Monarch butterflies are now endangered. The Monarch butterfly that used to be everywhere! Here’s how you, personally, can save them.
How to Raise a Monarch Butterfly
So you want to grow you own butterfly. In a month. From scratch.
O.K. I can help you with that.
You’ll need a few things and a bit of information. If you haven’t read “How to Raise a Monarch Butterfly Part 1” yet, do that first.
Things you need to make a home for your Monarch:
1. Any kind of clear blass bowl.
2. 2 way tape (optional)
3. Any kind of screen to cover the bowl (something like a splatter screen for cooking or a piece of windowscreen.
CUT A PIECE OF SCREEN TO FIT OVER THE OPENING OF YOUR BOWL.
RUN SOME 2 WAY TAPE AROUND THE RIM OF THE BOWL AND STICK THE SCREEN TO IT.
(this isn’t mandatory but the baby caterpillars are so small they can wiggle right out from between the screen and the glass if it isn’t stuck down)
4. A Monarch Egg.
You can find Monarch caterpillar eggs on milkweed plants. There are different varieties of milkweed and what you find in your area of the world might look different than my milkweed that you see in this post.
The Monarch butterfly lays her eggs on the underside of the milkweed leaves so that’s where to look for them. They’re TINY.
You will also need a supply of Milkweed. Monarchs only lay their eggs on Milkweed. This is because Monarch caterpillars only eat Milkweed. Something in it makes the caterpillar (and later the butterfly) poisonous to most of their predators. Genius, eh? (or for my American friends “Genius, huh?“)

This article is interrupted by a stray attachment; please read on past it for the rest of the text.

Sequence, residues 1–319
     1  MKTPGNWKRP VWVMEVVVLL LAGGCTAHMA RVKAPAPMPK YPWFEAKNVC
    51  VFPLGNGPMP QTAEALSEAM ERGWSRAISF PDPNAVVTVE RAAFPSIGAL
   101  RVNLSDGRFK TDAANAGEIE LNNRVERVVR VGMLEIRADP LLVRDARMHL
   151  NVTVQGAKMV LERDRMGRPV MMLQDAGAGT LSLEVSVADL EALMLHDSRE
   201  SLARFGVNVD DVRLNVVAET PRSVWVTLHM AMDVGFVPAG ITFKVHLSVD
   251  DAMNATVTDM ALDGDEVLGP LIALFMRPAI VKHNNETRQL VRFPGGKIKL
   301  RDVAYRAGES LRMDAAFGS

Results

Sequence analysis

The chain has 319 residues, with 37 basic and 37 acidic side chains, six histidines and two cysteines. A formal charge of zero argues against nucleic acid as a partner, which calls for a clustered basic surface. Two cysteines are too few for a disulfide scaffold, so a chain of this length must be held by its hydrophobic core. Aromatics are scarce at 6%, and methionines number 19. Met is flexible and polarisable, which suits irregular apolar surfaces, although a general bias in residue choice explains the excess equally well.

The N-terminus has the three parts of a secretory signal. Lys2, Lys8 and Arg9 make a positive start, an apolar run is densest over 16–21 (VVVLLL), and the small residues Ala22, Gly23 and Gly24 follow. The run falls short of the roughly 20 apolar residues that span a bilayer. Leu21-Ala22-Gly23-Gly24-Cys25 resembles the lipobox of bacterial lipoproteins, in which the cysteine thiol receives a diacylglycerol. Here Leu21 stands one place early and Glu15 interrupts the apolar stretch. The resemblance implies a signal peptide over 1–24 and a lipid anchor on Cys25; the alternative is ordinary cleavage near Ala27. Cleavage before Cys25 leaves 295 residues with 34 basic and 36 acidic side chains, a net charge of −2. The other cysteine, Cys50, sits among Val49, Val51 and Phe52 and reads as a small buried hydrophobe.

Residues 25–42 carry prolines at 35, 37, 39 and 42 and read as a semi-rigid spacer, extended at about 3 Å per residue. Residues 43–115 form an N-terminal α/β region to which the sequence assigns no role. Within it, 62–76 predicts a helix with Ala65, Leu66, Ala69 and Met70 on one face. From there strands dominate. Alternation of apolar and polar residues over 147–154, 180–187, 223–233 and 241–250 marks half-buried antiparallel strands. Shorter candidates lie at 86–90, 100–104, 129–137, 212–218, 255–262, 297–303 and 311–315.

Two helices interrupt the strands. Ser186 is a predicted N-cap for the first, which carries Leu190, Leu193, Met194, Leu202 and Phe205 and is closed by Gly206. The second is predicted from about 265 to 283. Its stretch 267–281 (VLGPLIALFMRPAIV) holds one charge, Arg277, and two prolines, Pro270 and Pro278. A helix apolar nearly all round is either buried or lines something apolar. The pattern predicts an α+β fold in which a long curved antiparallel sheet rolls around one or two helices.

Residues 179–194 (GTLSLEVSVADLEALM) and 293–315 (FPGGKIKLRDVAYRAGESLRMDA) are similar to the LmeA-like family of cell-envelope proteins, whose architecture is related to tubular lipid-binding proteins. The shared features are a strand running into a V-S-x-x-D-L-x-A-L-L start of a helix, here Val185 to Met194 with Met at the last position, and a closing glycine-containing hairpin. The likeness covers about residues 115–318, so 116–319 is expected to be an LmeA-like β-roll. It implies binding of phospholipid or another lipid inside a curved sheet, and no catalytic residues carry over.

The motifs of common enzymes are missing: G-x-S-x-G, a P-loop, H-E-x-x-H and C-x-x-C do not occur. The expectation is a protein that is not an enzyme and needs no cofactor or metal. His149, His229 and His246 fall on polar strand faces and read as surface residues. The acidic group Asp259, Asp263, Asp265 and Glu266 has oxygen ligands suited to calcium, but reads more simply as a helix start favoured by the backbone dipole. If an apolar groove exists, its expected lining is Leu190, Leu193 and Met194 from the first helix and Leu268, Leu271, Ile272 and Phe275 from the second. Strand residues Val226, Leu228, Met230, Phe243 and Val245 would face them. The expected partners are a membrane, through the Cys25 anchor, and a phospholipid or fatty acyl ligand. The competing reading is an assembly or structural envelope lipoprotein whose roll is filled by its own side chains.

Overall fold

If you don’t have any milkweed in your yard, go hunting around in the woods and side of the road. Cut some and keep it in a vase at home. Remember though, caterpillars eat A LOT when they get big so you’ll need to be able to replenish your milkweed every few days for a 2 week period. If you can’t do this … don’t try to grow a Monarch. It’ll croak on you. And you will be a murderer.
O.K., now that you have a home and food source for your Monarch all you need is the egg.
Look on the underside of milkweed leaves for an egg. They usually lay their eggs on the youngest, top leaves on the plant.
It’s a butterfly egg, so it’s stinkin’ small. Watch for a white, egg shaped blob.
When you find a leaf with an egg, pinch the leaf off and bring it inside. Keep the stem of the leaf in water until the egg hatches so the leaf doesn’t dry up. If the leaf dries up, the egg will too. (more information tomorrow on how to tell when your egg is about to hatch)
Up close, under a magnifying glass it looks like this. It will be white. If it looks dark yellow, the egg probably isn’t viable.
You can also keep your eye out for an already hatched caterpillar. These are harder to find because the tiny baby ones are usually eaten by earwigs, birds or other bugs.
2-3 day old caterpillar in wild
This is partly why I raise Monarchs. Take this into consideration … of the thousands of monarch eggs that have been laid on my milkweed over the years, I have never once seen a Monarch caterpillar mature into a butterfly outside. Ever. Only 2-3% of Monarchs ever make it to maturity in the wild.
So you have a better idea of what you’re looking for, here’s a quick video of a Monarch butterfly laying its eggs in my yard.
Monarch laying an egg
Monarch butterfly laying eggs on milkweed.